The facts stated in regard to the guns are disagreeable, but facts nevertheless, and are stated in no spirit of fault finding, and of no other purpose than to suggest to those who may be able to do so that this evil of defective arms be remedied, if possible, and as soon as possible. Certainly theses guns were never inspected by the agents of the Government who purchased them. Are there not yet a large number of the same kind in store in Wheeling for the other new regiments? If so, they ought to be examined at once, and all defective ones repaired; for it is little better than slaughter to send men into action with such weapons as some these are.
But to resume the former line of remark. Aside from the consideration of dividing a regiment while utterly raw and undrilled, it appears like a very singular order to send forward to a point of danger four companies of perfectly raw troops who loaded their muskets and filled their cartridge boxes for the first time on starting, while a large number of drilled and experienced troops were lying idle in their tents not fifty yards away. Would it not have been better to have sent them out for a little whole-some exercise and put the green ones—who couldn’t go through the facings or keep step even, but who could guard a point where there was no danger just as well—under the teaching of the drill master, to be instructed in the manual of arms, as well as the manual of legs, and all other things essential to make the confident and efficient soldier?
If our new regiments are ever to be of any account, they should be used in a way to make them so—not killed up in every sense within a month or two as such a start off would promise. The men who have volunteered to do our fighting have a right to expect that they are to be manufactured into soldiers before they can do the work of soldiers. If their lives are worth anything to themselves, their families, or to the State, that is what ought to be done. If the danger is imminent let them go on to meet it just as any other mob of citizens would go, where there are none others to do it better, but don’t expect them to do any more or better than other men of the same experience—or want of experience rather—would do. It is the firmness of step, he dexterity of grasp, the resoluteness of purpose, the confidence of certainty and the coolness of courage—that are brought out, if not in some cases absolutely created by the drill; and though men look like soldiers the day after they are uniformed, yet they are not soldiers in fact and cannot be for weeks or months.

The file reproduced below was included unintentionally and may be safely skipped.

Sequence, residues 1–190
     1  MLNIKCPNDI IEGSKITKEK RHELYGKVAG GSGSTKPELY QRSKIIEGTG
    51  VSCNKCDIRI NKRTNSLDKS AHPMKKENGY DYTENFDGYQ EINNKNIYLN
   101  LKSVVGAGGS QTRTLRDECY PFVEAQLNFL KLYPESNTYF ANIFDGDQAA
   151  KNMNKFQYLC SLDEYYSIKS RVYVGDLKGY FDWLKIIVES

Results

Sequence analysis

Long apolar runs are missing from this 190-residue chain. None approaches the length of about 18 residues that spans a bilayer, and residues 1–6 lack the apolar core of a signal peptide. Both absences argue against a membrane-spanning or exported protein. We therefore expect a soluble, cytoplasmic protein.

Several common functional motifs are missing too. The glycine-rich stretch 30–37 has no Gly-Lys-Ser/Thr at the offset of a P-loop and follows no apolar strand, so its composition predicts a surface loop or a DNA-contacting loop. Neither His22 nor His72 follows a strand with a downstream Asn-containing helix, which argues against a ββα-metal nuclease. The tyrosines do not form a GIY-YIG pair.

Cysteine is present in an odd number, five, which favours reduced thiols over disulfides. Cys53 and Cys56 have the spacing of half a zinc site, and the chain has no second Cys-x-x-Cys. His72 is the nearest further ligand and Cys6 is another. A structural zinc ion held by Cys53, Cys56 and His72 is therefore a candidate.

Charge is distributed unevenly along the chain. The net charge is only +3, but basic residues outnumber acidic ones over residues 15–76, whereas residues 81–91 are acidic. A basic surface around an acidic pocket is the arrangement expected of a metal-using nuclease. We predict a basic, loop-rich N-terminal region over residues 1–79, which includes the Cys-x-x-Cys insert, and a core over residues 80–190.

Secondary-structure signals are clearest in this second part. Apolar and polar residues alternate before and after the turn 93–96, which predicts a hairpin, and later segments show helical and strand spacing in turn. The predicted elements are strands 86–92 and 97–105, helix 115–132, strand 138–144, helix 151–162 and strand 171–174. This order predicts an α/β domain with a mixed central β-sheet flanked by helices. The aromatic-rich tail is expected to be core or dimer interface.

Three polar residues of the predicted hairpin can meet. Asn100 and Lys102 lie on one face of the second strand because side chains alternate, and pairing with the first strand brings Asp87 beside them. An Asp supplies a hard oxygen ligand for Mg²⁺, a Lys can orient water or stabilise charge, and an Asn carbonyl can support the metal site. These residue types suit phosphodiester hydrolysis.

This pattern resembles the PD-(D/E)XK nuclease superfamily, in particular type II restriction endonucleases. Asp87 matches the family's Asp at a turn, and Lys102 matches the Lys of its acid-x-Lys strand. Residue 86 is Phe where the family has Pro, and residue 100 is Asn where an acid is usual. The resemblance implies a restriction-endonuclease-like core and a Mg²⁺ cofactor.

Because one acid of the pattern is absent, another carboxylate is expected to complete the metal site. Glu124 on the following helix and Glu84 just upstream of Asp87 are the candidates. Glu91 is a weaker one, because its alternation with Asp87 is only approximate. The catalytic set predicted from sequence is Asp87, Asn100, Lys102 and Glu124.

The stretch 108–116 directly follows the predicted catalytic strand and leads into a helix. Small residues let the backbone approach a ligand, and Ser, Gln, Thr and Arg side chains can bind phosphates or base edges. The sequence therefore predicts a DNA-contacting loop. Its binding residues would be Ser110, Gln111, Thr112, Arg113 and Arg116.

Officers to whom is entrusted the lives of so many should attend to such considerations. The life of every soldier is presumed to be not only a consideration of some moment to himself, but is devoted to the republic and ought to be husbanded so as best to serve it. A regiment of soldiers properly organized and introduced to the service will, if other considerations are equal, be three times as efficient and last three times as long as one that is butchered, broken down and demoralized before the men are inured to the duties and hardships of a soldier’s life.
I allude to this somewhat at length in view of the policy to be pursued in organizing the new Virginia regiments. So far as the Twelfth is concerned, there is no set of men more ready to go where ordered and do whatever is required of them.—Everyone who has been with them will testify to that.
It cannot be denied that things here, in a military point of view, are at loose ends.—Discipline among the troops is lax, so appears to be an attention to duty on the part of some of the officers. It may be that their engagements around town will not allow them time to attend to drilling men and qualifying them and themselves for actual service, but if so they should tender their resignations and let others who have not so much to so take their places. Perhaps it is no worse here, however, than at other similar points.
Great surprise is everywhere expressed at the large amount of government stores destroyed at Buckhannon. Nobody outside of official circles had he remotest idea that such a tempting bait for the rebels was exposed out there on the border.—When shall the public have the figures?—And when shall we know who is to shoulder the blame? Or is nobody to blame or nobody responsible for what is either a grave fault or a great blunder.
Timeline of West Virginia: Civil War and Statehood: Undated: September 1862